What every school needs - a Lamborghini

Shop students at Streetsville Secondary build one hot set of wheels

MICHAEL STUPARYK/TORONTO STAR

Students from Streetsville Secondary school in Mississauga pose with a Pontiac Fiero converted into a Lamborghini.

From Pontiac Fiero to Lamborghini Countach in 2,000 hours.

The hard work of 24 auto shop classes — over two years — and the dedication of teacher Jim Dinner turned the fantasy kit-car project into a real success for Streetsville Secondary School in Mississauga.

"A lot of people didn't believe we made it," said Grade 10 shop student Victoria Girard.

It was painstaking work, she added, "even removing the steering column (from the Fiero) took two weeks — we had to be careful not to cut any wires or strip bolts," said the 15-year-old.

"It was pretty fun," added Grade 12 student Dave Thomas. "I learned a lot of stuff — like I could not build a kit myself, it's way too much work."

Dinner, a certified teacher and mechanic, funded the entire project and now owns the car — "I've always wanted one" — but plans to sell it to pay for the students' next project, likely a Lamborghini Diablo. Dinner estimates the kit car is worth around $40,000.

In September, 1999, Dinner purchased a 1985, four-cylinder Pontiac Fiero with a five-speed transmission for $500, along with a $4,500 body kit for the 1989, 25th anniversary edition Lamborghini.

Students replaced the Fiero's four-cylinder engine with a more powerful V-6 — which involved computer, wiring and fuel pump upgrades. They also rebuilt the steering, brakes and suspension.

The Fiero was then stripped, and cut in half behind the driver's seat. The two halves were separated by almost 13 centimetres to fit the Lamborghini's frame, and welded together using steel plates.

The body kit itself had 21 panels — the wing doors themselves are three separate pieces — "and we reshaped every panel to fit," said Dinner. "It was a lot of work."

Dinner and his students even created the boxy console for the interior, which was overhauled as well. A parent recovered the seats in grey and navy leather.

"It's all glued, screw-nailed and staple-gunned," Dinner said.


`Every chance I get, I bring it in. I bring it in on parent-teacher night — I have parents come to see me without their children, just to see the car. They don't want to know anything about his or her marks.'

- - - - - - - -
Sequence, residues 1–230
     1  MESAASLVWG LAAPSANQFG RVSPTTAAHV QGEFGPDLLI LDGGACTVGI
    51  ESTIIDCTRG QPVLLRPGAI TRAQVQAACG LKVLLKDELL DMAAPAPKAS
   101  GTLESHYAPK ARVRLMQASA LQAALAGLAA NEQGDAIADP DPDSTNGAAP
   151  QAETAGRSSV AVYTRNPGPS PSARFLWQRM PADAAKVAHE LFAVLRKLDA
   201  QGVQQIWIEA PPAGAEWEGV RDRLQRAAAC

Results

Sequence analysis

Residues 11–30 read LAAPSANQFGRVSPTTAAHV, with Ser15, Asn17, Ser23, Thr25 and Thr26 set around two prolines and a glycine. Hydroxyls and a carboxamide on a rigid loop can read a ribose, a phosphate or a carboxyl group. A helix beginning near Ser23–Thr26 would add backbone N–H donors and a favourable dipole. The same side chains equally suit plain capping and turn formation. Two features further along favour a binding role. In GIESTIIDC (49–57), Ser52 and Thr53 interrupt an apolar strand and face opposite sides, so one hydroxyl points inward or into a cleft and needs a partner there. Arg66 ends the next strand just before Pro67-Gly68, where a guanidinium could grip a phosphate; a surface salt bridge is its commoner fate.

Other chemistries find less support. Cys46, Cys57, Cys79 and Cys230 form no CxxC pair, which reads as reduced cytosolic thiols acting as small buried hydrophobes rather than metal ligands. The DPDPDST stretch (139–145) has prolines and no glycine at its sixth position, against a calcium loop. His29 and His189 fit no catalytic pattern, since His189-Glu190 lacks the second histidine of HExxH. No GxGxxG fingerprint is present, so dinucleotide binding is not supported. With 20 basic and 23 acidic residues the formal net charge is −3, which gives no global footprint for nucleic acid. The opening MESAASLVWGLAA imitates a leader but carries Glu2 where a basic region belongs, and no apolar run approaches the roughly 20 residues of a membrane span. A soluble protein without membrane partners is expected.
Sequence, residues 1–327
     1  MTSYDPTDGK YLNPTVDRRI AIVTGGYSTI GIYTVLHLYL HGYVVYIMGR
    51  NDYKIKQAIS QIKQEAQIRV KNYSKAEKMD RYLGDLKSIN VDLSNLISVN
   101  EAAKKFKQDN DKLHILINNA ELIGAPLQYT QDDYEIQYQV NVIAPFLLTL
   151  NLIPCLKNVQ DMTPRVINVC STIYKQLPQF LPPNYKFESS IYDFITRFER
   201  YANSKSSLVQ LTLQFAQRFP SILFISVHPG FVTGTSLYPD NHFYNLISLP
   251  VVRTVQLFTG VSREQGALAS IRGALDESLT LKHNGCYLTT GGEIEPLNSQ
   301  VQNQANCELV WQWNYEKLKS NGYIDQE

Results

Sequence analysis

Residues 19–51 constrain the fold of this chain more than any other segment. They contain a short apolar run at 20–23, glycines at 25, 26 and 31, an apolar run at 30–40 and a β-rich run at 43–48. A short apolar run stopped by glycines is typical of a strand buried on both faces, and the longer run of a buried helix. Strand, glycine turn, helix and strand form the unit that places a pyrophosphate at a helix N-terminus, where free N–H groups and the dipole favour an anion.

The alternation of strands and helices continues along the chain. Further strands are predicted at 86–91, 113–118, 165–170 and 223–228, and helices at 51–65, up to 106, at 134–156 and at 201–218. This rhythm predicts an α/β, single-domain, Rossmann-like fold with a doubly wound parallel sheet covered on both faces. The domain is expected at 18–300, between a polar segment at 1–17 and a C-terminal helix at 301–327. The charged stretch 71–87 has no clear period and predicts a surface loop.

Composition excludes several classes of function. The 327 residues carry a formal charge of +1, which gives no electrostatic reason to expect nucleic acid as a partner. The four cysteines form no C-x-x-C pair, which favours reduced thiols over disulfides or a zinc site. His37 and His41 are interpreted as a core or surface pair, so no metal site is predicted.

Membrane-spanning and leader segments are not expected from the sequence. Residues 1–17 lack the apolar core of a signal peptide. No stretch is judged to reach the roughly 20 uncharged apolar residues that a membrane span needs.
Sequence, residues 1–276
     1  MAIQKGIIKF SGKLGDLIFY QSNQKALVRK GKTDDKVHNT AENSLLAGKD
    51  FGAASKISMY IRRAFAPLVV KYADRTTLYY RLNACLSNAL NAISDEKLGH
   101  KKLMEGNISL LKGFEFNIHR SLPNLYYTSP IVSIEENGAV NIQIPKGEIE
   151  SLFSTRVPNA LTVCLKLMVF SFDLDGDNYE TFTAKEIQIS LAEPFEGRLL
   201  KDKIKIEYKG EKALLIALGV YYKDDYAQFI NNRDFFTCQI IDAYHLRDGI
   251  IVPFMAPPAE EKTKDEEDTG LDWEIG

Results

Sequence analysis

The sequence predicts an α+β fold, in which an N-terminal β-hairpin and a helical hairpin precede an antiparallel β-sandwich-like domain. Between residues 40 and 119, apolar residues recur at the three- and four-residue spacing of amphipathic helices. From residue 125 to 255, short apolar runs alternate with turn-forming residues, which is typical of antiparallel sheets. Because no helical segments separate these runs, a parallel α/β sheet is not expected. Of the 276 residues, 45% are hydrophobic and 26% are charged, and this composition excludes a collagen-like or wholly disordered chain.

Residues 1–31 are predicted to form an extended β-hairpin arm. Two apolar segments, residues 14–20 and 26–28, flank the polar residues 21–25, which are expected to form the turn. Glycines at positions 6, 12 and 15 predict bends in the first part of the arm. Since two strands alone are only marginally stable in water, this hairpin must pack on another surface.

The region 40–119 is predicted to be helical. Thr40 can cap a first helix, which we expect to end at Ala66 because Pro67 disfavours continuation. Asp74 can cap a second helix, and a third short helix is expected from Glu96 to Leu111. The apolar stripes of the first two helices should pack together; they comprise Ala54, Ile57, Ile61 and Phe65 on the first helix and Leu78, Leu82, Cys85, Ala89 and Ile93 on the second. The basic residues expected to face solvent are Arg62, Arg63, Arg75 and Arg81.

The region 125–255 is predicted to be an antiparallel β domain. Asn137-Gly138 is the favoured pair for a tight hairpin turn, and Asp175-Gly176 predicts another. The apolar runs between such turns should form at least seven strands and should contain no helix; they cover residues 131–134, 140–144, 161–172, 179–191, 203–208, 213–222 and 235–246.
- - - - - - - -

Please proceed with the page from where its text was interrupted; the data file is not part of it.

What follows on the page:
teacher Jim Dinner


Before it was painted — professionally, using three coats of silver metallic paint and five clear coats — a few students drove it around the school's parking lot.

"When (the project) first started, people wanted to see it," said Marc Laplante, a Grade 12 student. "But because of the slow process, people lost interest."

When finished, however, "a lot of people came around to see it."

The tires are new, and high-performance. Dinner even created a Lamborghini nameplate and signature bull for the back of the car using his computer, then having a plastic mould made. In total, he's put about $25,000 into the car.

He believes the car can reach 209 km/h, and has driven it as fast as 193.

The project has sparked an interest in auto shop at a time when the curriculum is placing an emphasis on academics.

"Every chance I get, I bring it in," he said. "I bring it in on parent-teacher night — I have parents come to see me without their children, just to see the car. They don't want to know anything about his or her marks."

"Some nights I stayed late, puttering, and kids from feeder schools — in Grades 6, 7, 8, — would come by on their bikes and peer in the windows. I'd invite them in and they'd say, `Really, I can touch it?'"

Tom Bates, head of the school's technology department, points out that auto shop involves a lot more than mechanics these days. Using cars donated by Honda and General Motors, students study computer, wiring, airbag and ABS braking systems.

Grade 11 student Dave Wells said he hopes to work on the next project, too, and plans to go to college to become an automotive technician.

For more information on the school's Lamborghini project, go to:

Streetsville Secondary School Auto Shop


If you have an idea for Cool Schools, you can reach Louise Brown at 416-869-4306 or Kristin Rushowy at 416-869-4828, or by e-mail at lbrown@thestar.ca or krushowy@thestar.ca